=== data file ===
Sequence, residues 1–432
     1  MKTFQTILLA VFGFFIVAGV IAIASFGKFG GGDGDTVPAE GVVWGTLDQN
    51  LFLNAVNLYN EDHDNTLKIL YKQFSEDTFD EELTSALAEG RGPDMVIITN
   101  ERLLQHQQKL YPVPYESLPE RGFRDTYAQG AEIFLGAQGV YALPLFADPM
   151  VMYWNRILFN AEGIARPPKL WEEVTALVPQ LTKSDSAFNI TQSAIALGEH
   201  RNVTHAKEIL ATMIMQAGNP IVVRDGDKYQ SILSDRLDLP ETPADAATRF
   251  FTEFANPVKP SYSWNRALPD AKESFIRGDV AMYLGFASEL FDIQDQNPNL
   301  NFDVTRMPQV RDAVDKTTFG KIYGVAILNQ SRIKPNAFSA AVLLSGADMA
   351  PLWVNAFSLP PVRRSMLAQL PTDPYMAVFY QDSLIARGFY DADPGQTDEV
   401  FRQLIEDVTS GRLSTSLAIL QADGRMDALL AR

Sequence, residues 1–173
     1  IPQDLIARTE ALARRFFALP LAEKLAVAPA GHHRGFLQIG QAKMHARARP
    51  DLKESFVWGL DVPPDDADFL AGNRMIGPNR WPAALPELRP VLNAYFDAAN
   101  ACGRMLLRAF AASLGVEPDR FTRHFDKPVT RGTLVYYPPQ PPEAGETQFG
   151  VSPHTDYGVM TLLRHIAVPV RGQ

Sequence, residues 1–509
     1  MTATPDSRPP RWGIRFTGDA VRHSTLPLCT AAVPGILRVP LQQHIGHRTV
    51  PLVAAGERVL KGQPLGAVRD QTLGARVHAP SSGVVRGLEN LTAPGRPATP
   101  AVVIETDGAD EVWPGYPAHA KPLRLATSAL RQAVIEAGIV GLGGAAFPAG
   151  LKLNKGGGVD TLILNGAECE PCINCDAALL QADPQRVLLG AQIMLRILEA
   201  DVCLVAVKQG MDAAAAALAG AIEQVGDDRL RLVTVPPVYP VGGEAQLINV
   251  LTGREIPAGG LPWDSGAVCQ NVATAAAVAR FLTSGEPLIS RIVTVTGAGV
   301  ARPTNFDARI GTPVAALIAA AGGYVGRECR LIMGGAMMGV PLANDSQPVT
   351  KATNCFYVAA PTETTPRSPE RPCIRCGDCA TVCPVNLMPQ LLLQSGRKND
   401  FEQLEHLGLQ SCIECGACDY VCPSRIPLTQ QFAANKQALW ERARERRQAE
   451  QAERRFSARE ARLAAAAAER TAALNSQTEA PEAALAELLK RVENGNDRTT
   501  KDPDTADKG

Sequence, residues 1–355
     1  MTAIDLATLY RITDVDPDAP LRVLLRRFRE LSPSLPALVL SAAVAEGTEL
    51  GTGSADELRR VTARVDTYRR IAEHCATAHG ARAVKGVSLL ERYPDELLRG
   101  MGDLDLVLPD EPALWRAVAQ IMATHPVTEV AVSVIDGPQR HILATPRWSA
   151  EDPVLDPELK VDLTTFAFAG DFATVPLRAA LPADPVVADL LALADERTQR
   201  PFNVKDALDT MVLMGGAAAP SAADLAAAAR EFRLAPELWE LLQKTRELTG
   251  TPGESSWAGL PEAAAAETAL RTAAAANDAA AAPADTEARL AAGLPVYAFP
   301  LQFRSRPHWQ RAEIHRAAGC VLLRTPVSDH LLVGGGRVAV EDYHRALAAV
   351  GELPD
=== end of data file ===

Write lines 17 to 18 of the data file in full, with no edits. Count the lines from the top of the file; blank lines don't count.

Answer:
     1  MTATPDSRPP RWGIRFTGDA VRHSTLPLCT AAVPGILRVP LQQHIGHRTV
    51  PLVAAGERVL KGQPLGAVRD QTLGARVHAP SSGVVRGLEN LTAPGRPATP